No changes will be made to NBN Co’s agreement with Optus over migrating customers from its HFC network.

“We assumed no changes to the Optus agreement. Everything we’ve heard from Optus indicates they want to be out of HFC.”

Reviews, speeds and pricing

Under the Coalition policy, the ACCC would set a uniform price cap on broadband services, with network operators free to set their own prices under that cap. 

Turnbull said he would expect entry-level Coalition NBN plans to cost around the same as current ADSL plan pricing.

The Coalition has also pledged to review several aspects of the current NBN. Within 90 days of being elected, the Department of Broadband, Communications and the Digital Economy would conduct a review of the broadband quality and availability across Australia to guide prioritisation of the rollout.  

The Coalition also intends to analyse governance of NBN Co and commission a cost benefit analysis, likely led by the Productivity Commission.

“We’ve done the hard analysis the Government never did,” Turnbull said. “We looked at what telcos are doing in comparable markets, and what we are presenting here is consistent with best practice around the world.

“The cost of this network is not in the electronics or fibres or cables, it’s in labour. Digging holes, trenches, getting guys in cherry pickers. It’s the civil work that rakes up the cost. This is a much smarter approach.”

Turnbull said the value of the utility of broadband did not increase in a linear fashion with the speed.

“Speed is only useful insofar as you can use it for something.”

“[So] 25 Mbps is not twice as useful as 10 Mbps, and 40 Mbps is certainly not twice as useful as 20 Mbps. This [plan] is will deliver all of the services and applications Australian want and are prepared to pay for, and will do so sooner and cheaper.” 

Fighting over copper

Communications Minister Stephen Conroy earlier this morning said the Coalition was building a one lane Sydney Harbour Bridge. 

“Tony Abbott and Malcolm Turnbull are going to leave the copper. I can’t find a dumber piece of public policy than buying the copper off Telstra. Kerry Packer would be laughing all the way to the bank if he could find someone to buy Telstra’s copper network,” he said.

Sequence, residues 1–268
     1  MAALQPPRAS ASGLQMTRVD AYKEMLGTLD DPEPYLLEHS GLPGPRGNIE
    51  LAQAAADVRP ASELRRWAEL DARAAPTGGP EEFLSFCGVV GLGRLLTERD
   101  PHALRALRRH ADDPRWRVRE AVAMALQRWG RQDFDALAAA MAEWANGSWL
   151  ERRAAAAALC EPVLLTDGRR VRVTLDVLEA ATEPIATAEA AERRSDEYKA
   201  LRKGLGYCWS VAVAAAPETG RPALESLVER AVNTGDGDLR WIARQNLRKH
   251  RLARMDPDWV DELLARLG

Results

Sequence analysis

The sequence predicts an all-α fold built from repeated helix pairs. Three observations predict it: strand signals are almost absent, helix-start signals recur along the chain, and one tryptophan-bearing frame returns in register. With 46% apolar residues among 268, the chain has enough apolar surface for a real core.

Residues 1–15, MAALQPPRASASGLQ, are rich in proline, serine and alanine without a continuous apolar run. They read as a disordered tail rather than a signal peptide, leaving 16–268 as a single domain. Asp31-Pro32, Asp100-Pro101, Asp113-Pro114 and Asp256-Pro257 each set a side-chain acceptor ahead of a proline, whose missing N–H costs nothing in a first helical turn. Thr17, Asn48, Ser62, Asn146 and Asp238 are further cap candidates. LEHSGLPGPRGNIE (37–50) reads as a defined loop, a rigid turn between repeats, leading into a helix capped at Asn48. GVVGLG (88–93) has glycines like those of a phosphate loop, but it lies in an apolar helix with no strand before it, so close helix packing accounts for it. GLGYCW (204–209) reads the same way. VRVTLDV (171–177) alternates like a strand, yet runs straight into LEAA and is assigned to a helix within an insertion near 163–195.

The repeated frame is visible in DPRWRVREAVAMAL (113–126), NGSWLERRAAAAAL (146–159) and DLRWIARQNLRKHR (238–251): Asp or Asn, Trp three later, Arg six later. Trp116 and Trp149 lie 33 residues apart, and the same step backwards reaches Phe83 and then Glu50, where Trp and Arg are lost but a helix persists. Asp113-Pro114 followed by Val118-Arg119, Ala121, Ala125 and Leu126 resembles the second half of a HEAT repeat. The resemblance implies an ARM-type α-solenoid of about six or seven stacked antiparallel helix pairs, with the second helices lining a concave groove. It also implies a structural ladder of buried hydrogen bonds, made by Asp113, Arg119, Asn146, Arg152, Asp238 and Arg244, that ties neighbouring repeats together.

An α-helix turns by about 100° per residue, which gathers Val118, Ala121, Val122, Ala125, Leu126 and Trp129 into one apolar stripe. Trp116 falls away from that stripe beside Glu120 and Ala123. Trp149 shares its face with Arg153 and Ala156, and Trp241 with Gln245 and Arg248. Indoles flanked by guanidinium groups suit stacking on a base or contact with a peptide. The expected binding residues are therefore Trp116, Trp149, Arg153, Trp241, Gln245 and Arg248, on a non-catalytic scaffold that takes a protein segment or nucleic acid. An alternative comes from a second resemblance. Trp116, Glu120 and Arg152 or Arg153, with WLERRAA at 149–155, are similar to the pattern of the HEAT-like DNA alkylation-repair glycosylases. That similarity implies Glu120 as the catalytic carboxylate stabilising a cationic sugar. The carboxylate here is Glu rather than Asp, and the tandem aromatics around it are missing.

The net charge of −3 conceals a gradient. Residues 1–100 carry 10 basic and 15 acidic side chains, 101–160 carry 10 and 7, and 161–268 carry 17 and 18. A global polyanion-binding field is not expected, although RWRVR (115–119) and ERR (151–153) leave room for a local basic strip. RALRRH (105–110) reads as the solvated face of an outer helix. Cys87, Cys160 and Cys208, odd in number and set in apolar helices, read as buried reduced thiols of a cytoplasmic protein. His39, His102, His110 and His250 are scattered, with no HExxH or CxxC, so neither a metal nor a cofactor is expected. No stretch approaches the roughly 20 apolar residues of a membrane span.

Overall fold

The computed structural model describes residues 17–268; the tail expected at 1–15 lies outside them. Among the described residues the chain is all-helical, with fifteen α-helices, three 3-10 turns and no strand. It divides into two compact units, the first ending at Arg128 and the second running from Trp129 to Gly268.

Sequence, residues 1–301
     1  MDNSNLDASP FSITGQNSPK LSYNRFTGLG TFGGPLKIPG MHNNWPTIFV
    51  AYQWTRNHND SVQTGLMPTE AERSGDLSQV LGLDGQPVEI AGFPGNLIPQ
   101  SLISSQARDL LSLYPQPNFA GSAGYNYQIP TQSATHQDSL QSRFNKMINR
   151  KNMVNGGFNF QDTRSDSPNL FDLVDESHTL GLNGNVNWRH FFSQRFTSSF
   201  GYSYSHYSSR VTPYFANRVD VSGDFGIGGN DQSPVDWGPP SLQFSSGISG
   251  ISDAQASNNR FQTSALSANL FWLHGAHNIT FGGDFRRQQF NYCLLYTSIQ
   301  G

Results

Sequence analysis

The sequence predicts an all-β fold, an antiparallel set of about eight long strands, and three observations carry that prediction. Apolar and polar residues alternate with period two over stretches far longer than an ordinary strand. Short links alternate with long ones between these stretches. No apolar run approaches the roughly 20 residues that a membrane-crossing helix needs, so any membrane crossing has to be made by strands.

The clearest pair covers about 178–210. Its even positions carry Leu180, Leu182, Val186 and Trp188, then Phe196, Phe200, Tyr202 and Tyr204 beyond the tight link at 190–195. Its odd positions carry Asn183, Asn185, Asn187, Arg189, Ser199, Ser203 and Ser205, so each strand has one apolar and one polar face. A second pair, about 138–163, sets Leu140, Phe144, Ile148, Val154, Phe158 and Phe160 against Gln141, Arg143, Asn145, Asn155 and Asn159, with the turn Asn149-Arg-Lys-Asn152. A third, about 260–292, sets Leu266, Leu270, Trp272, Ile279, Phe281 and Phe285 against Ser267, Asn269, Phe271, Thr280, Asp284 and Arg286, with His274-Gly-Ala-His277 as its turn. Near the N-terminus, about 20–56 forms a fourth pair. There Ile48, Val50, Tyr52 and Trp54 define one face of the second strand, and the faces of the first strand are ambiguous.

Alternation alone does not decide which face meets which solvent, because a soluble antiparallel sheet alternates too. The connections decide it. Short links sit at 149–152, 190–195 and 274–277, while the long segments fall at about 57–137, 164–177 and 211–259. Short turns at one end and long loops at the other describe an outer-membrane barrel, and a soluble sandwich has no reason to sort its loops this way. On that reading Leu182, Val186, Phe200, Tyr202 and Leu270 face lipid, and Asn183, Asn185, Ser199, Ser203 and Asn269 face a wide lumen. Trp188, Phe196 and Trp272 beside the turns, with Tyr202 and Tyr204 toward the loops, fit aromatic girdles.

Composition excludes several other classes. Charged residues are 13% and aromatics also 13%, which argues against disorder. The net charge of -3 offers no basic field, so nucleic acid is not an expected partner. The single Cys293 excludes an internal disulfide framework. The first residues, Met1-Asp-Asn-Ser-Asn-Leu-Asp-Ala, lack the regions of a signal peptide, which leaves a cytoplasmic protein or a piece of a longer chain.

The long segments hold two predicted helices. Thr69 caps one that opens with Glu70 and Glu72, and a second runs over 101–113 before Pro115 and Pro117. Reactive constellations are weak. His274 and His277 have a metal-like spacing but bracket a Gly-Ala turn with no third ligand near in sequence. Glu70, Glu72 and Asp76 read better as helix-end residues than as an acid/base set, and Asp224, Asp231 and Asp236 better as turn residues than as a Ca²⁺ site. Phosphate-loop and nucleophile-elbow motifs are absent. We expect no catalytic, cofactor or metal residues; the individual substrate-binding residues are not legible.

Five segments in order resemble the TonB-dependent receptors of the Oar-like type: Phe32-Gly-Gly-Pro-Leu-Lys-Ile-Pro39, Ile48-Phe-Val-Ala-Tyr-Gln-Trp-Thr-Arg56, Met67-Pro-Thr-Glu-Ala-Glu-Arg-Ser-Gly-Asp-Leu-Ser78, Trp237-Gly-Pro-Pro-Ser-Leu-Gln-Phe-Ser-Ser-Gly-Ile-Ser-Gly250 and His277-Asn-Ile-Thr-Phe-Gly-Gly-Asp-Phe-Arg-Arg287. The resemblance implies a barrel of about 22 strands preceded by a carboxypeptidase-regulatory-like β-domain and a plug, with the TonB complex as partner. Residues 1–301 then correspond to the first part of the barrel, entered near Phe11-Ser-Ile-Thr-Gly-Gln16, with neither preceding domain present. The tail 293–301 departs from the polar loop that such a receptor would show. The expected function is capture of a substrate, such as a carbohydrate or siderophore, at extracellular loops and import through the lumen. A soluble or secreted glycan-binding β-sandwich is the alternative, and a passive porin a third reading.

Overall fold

“The copper network is estimated to cost $1 billion a year to maintain. The copper network in the ground is aging and decaying and cannot deliver the speeds Turnbull is claiming. It doesn’t matter what he does, if the copper is degrading, the speeds he’s going to claim today are defying the laws of physics and the quality of the copper in the ground.”

Senator Conroy said that under the Coalition’s ‘short-sighted’ plan, nine million Australians would be cut off from NBN access.

"The Coalition consistently displays an ignorance of the role of high speed broadband and the role that it will have in the future. Study after study has demonstrated the societal and economic impacts of high speed broadband,” he said.

“Tony Abbott says Australia can't afford to have the best communications system in the world, Labor says we can't afford not to have it.”

Turnbull said there were two approaches to copper in poor condition: fixing it or putting fibre in problematic areas. 

“You make a rational, cost-effective business decision where you will go,” he said. “I am knowledgable and modest enough to know you can’t predict the future with great certainty. So you build in flexibility. Labor does not have technology that’s future-proof. There is no technology that is future-proof."

“All infrastructure has a lifespan,” Abbott added. “All has to be renewed over time, but there is no reason why most of the copper that’s in place can’t continue to be used. Where it can’t, obviously there will be a fibre rollout, and where it can continue to be used, we should make use of it.

“One of the real problems with the Labor version is it junks perfectly useful infrastructure, it junks copper.”

Updated 12.4.13 to correct FTTP percentage.